India Court Rejects Claim on Mosque Site

Associated Press, Apr. 8, 2003

LUCKNOW, India – A court rejected a Buddhist organization’s claim that it owns a northern Indian religious site at the center of a deadly dispute between Hindus and Muslims, an official said Tuesday.

Three judges of the Allahabad High Court in Lucknow, the capital of Uttar Pradesh, ruled Monday that the Lord Buddha Club did not have evidence to back up its claim.

The group, whose 5,000 members are mostly Buddhist converts from India’s poor lower castes, said the town of Ayodhya, 340 miles east of New Delhi, once was a Buddhist city.

“Over 3,000 Buddhist monks used to live there and it is authenticated by the writings of the Chinese travelers of the fifth century,” Lord Buddha Club chairman Udit Raj said.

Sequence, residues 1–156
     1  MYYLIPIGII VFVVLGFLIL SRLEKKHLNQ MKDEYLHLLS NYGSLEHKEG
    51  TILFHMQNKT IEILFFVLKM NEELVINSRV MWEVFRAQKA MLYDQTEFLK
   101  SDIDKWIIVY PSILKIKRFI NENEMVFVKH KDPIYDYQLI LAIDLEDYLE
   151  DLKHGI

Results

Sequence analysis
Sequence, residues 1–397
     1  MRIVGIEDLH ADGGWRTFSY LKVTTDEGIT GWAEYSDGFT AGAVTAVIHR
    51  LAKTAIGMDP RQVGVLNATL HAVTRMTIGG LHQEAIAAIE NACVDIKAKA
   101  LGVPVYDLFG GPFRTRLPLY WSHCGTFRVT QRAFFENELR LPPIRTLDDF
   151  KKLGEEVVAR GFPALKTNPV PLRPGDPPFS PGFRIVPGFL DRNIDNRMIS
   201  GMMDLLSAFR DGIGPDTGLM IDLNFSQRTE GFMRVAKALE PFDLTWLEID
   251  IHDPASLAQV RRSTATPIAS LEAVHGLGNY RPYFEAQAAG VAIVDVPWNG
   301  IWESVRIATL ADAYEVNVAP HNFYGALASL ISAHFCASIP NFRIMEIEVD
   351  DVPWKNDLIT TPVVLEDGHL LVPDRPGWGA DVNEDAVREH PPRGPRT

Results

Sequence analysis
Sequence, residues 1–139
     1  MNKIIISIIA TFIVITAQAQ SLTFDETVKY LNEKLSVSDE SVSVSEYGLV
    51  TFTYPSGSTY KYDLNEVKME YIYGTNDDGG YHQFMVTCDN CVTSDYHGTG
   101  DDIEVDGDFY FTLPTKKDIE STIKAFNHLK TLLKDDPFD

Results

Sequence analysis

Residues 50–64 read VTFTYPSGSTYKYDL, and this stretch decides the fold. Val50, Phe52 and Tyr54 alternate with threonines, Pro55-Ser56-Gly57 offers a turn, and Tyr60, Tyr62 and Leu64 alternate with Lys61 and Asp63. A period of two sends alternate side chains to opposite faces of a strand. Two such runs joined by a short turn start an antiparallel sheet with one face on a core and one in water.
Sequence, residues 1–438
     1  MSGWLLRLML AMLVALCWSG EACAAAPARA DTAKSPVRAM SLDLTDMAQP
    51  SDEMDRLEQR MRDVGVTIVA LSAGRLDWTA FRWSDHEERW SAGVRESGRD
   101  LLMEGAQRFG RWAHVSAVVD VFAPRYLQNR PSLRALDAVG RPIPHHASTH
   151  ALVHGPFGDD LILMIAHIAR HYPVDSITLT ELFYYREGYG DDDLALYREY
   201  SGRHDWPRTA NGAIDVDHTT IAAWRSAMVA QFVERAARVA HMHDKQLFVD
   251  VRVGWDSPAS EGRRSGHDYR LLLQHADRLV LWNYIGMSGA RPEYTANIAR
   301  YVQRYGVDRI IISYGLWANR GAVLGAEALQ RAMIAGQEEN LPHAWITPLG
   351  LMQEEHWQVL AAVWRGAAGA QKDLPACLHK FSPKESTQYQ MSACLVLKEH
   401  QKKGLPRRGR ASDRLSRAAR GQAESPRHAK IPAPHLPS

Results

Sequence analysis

Ayodhya is where a 16th-century mosque stood before it was destroyed by Hindu hard-liners in 1992. The destruction triggered countrywide Hindu-Muslim rioting and killed thousands of people.

Hindu leaders claim the mosque was built by Muslim rulers atop a temple at the birthplace of the Hindu god Rama. Hindu fundamentalists want the temple rebuilt, while Muslim leaders dispute the claim and want to rebuild the mosque.

The same court has asked government archaeologists to look for Hindu ruins at the site. Some archaeologists have said the remnants of a Buddhist sanctuary may be there as well.

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